Reports, visualisation

Messaging

Medium /social actor

Medium

automated tailored feedback based on individual progress Communicative functions: access to peer-to-peer support

Data synthesis Results on study characteristics (ie. publication data, study design, MRC development and research phase, participants) and intervention characteristics (ie. target behaviour, theoretical underpinning, technological design, MRC development and research phase) were quantitatively summarised and presented using descriptive statistics. Because of the heterogeneity of study design (e.g. interviews, lab testing, RCTs) and outcomes (e.g. design inspirations, usability, engagement, effectiveness), meta-analysis of specific outcomes across studies was not suitable. Instead, a primarily qualitative approach was used to summarise the research under each category of technological configuration, with a focus on design-related findings and implications, which were most relevant to the research questions of our interest.

Results

A total of 68 articles were included in this review (Figure 1), corresponding to 45 unique interventions. Each article was counted as a separate study, even it was focused on a different aspect of the same research project reported in another article.

Figure 1. Search and screening results Study Characteristics Publication data As shown in Figure 2, there is an overall upward trend in the number of articles published on this topic over the past two decades or so, with 2014 being the most fruitful year. Sixty four published articles represented research that was conducted in 16 countries, in addition to two articles that reported international studies conducted in 64 countries [44] and three countries (the UK, Australia and Spain) [22] respectively. The most represented countries were Australia (n = 19 articles), the US (n = 17), the Netherlands (n = 8) and the UK (n = 4). Another seven European countries (e.g. Austria, Spain, Portugal, Belgium, Germany, Switzerland, Finland) were represented in a total of 20 articles.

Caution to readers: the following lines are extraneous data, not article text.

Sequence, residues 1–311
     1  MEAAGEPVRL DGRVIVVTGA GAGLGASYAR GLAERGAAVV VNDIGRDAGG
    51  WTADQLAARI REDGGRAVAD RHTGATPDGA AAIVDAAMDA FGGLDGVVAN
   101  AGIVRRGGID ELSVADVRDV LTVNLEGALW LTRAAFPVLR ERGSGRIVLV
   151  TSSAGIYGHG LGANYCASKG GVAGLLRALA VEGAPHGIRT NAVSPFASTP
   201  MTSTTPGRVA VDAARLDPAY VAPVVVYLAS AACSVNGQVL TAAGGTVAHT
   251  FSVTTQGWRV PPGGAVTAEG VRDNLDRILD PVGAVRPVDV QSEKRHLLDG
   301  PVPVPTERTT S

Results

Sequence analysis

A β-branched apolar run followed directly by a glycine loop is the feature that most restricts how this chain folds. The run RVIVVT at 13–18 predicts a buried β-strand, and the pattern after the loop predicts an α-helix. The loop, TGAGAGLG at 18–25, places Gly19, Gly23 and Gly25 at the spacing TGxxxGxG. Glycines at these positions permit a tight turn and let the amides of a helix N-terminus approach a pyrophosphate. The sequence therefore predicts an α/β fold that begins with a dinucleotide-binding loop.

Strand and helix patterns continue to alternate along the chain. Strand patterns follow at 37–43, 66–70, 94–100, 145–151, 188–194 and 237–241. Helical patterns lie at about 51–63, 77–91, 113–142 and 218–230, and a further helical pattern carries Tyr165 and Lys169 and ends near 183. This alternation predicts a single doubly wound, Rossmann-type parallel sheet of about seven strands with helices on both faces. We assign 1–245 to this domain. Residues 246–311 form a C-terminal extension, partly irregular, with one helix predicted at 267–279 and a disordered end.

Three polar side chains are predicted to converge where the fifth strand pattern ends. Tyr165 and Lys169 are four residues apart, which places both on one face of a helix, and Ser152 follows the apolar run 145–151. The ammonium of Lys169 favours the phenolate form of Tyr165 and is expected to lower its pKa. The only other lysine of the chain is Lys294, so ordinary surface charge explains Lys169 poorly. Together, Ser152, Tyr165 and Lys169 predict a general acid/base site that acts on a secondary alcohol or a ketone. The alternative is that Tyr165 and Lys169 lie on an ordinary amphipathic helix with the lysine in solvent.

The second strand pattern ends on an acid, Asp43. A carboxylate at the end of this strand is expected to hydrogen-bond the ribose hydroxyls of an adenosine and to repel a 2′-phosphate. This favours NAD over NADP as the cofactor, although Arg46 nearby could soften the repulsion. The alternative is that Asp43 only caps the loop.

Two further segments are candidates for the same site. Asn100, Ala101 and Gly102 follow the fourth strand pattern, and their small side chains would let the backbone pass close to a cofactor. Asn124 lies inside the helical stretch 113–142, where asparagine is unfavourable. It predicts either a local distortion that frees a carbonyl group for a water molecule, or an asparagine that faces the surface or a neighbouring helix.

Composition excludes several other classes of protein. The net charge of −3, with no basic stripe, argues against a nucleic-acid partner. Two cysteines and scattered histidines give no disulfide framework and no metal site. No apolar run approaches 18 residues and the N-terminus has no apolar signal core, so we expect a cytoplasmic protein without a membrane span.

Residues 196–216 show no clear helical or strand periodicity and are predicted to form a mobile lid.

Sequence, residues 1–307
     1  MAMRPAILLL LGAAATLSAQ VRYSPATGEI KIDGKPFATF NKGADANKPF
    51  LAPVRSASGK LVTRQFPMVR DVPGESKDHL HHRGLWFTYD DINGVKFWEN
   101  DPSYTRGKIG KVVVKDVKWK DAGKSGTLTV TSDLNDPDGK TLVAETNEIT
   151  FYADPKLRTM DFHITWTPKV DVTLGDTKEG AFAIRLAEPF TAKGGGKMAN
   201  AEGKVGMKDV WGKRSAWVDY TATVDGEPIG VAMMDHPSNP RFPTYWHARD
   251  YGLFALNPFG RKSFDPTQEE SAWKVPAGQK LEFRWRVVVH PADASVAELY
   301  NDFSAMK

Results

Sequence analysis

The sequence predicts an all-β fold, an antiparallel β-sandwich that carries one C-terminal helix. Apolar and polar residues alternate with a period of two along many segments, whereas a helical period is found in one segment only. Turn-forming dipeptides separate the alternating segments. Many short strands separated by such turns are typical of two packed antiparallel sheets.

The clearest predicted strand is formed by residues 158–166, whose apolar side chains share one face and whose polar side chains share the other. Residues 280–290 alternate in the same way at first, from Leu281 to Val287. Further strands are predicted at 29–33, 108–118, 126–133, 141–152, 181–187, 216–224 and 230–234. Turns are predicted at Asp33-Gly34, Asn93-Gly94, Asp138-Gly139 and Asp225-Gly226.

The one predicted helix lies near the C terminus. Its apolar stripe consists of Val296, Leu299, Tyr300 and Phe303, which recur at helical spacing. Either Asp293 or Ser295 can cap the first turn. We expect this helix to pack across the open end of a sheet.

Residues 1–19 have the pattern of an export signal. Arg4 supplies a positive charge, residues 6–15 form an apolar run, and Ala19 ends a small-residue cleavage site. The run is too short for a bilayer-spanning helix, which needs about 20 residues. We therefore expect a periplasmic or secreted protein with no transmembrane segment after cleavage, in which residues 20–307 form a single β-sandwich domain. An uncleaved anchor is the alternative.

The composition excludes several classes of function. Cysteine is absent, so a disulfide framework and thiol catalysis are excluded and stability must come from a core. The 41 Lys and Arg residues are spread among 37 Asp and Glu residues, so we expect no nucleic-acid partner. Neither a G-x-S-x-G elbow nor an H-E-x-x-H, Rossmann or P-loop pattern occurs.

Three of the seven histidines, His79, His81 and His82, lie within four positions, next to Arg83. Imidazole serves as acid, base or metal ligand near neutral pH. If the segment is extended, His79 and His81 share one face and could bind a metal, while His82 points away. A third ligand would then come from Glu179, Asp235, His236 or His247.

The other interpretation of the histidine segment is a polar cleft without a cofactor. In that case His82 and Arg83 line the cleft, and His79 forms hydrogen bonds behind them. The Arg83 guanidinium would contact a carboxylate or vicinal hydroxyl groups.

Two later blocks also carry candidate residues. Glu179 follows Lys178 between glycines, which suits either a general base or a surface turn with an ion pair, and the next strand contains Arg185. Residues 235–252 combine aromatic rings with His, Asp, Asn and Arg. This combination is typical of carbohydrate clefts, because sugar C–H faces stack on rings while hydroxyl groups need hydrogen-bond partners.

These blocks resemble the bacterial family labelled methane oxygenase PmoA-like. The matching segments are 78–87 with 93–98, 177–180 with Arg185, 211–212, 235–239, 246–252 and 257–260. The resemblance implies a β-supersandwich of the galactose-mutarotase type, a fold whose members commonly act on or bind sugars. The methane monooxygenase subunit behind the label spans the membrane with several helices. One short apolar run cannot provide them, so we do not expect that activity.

Figure 2. Number of articles by year of publication and country of study In terms of publication avenues, the included articles were published in 40 different scientific journals and proceedings. Divided by disciplines, n = 42 articles were published in the field of medical and health sciences, n = 13 in engineering and computing (including ergonomics and human factors), and n = 13 in interdisciplinary journals/conferences (e.g. PloS One), out of which n = 6 were in the interdisciplinary field of digital health (e.g. Journal of Medical Internet Research). Study design For experimental studies, n = 25 articles reported randomised controlled trials (RCTs; including cluster RCTs), n = 4 reported randomised crossover studies, n =4 reported before-and-after studies with control/comparison group(s), n = 10 reported beforeand-after studies without control or comparison group(s). In addition to those traditional experimental designs, n = 9 articles reported descriptive quantitative process data (e.g. fidelity of delivery, reach, usage pattern of the technology, and compliance to intervention from survey and interaction data etc.), n = 11 articles reported qualitative data reflecting participants/stakeholders’ perspectives (e.g. prestudy and post-study interviews), and n = 19 articles reported the design and development of the technology. Note the above categories were not mutually exclusive as one article could include both quantitative and qualitative results, and reported both the design process and an evaluation study. Development and research phase All 58 articles featured complex interventions according to the MRC definition. Table 4 shows the number of articles categorised to each intervention development phase based on the MRC framework. Except for two articles that reported both the development and piloting phase [45,46], each article was assigned one category. Table 4. Distribution of articles by development phases Number of articles

Development Piloting/feasibility Evaluation Implementation

19 34 10 7